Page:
Today in my class we talked about differentiating lessons. Several students were concerned about labeling students and the "tyranny of low expectations". I don't think I did a very good job explaining the concept. I ended the lesson early, feeling defeated.
When I got home I decided to watch Dancing with the Stars. I am just going to admit that I LOVE THIS SHOW. The premise of the show for those who have been locked up writing in a library. Is that professional dancers are paired with "celebrities" and each week the professionals teach their partner a new dance. The couples then perform the dance for a panel of judges, a live studio audience, and the viewers at home. The judges rate the dances on a scale of 1 to 10 and the audience votes for their favorite. Each week one couple gets eliminated.
As I was watching, it occurred to me that this show is an excellent example of differentiating instruction. Here's why...
First, each week the celebrity must learn a new skill (a different dance). The second, it that the job of the professional to design and teach the dance to the celebrity. Each dance must include certain elements (kicks, steps, etc), the judges look for these elements and others which are marks of good dancing in general (style, grace, musicality, etc.). At the end of each dance, there is an evaluation of the performance and the judges use the criteria to assign a score.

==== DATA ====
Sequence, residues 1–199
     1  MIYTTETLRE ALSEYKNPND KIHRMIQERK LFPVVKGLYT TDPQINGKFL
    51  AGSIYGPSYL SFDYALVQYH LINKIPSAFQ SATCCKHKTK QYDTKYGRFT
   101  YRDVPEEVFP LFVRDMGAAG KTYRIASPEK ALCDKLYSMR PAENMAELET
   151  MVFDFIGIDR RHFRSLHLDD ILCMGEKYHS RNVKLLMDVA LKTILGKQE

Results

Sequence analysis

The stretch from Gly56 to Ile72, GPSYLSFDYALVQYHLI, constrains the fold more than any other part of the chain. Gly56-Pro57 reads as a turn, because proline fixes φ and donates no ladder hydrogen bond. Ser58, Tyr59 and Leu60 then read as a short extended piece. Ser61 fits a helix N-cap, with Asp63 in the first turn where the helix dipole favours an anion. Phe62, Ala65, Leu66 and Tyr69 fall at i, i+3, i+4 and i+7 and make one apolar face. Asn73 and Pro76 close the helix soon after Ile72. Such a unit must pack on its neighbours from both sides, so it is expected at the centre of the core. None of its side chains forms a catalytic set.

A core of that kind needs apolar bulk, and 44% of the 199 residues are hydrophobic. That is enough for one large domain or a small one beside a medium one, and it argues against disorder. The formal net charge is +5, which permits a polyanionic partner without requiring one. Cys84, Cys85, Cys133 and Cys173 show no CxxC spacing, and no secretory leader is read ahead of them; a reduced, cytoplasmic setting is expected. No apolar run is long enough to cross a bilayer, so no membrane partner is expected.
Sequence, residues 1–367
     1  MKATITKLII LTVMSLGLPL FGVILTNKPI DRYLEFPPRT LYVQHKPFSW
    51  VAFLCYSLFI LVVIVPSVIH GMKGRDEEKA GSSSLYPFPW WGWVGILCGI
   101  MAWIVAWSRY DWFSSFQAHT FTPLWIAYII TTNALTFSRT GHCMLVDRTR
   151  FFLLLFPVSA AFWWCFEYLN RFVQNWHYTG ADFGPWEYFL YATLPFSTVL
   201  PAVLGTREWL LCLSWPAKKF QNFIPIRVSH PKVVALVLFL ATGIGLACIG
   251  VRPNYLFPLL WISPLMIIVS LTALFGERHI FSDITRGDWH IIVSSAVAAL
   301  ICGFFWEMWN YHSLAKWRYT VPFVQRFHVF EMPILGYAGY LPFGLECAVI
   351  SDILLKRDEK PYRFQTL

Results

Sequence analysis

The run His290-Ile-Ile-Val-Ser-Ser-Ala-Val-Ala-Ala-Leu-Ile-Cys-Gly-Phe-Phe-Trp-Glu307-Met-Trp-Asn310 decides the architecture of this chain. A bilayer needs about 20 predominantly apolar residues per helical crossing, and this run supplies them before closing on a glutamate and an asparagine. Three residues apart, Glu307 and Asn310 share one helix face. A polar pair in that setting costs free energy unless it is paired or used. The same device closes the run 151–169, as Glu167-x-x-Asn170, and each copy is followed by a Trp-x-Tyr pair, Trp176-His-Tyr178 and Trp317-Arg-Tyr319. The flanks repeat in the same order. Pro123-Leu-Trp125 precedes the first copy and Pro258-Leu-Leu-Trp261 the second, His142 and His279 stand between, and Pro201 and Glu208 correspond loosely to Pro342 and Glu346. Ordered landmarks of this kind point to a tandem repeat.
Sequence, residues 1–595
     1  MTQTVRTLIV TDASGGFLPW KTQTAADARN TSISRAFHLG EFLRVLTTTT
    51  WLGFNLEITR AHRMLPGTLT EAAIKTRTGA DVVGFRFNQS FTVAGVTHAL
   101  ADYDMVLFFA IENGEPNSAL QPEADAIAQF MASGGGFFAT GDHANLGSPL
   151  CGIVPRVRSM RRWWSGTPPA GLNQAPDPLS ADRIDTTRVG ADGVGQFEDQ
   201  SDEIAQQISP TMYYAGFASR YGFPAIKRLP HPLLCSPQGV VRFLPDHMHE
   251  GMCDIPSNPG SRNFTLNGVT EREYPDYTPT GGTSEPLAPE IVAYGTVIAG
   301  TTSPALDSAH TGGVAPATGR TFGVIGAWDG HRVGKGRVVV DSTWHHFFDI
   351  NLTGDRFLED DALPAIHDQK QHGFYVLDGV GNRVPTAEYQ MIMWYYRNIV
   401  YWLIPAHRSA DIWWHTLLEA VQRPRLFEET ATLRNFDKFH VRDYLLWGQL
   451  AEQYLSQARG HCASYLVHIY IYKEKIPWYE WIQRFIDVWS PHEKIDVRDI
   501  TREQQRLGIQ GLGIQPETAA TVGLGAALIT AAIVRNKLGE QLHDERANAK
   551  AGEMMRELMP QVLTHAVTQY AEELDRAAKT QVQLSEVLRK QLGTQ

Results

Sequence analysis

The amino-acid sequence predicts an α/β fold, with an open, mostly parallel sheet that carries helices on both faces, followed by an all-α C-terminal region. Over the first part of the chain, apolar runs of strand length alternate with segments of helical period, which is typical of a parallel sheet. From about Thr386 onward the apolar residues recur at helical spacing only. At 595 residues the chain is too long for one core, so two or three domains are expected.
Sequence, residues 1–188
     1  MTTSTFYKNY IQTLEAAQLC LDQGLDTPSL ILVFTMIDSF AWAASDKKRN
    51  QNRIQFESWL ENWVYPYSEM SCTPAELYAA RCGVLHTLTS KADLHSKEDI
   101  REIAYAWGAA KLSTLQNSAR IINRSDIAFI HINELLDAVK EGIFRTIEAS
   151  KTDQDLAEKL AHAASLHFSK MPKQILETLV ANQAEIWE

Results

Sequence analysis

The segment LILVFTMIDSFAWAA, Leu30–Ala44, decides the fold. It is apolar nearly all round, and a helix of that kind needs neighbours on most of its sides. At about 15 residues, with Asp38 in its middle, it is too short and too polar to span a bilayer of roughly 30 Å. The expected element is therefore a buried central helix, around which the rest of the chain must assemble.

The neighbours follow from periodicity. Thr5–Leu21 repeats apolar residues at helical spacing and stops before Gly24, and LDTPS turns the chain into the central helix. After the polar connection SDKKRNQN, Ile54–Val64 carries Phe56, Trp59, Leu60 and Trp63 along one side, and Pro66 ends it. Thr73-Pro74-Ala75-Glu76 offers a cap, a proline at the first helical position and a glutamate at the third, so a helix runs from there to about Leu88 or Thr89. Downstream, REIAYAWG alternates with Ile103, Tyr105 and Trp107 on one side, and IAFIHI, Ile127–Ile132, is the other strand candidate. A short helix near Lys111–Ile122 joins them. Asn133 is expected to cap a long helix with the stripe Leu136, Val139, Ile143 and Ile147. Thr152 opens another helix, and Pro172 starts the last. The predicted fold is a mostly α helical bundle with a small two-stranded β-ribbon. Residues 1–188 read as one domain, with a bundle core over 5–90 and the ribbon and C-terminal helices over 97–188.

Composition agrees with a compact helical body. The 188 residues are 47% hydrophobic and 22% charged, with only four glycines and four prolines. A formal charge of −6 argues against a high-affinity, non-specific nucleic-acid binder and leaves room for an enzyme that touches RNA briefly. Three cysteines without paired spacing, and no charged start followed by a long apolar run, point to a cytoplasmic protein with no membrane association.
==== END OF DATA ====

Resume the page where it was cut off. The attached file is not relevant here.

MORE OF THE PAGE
Of course, the metaphor doesn't always Reality television and education are very different. Besides the budget and the costumes, the most major difference is that on the show each week one contestant is eliminated and at the end there can only be one winner. Which is ironic, since the whole goal of differentiation is to facilitate success for everyone.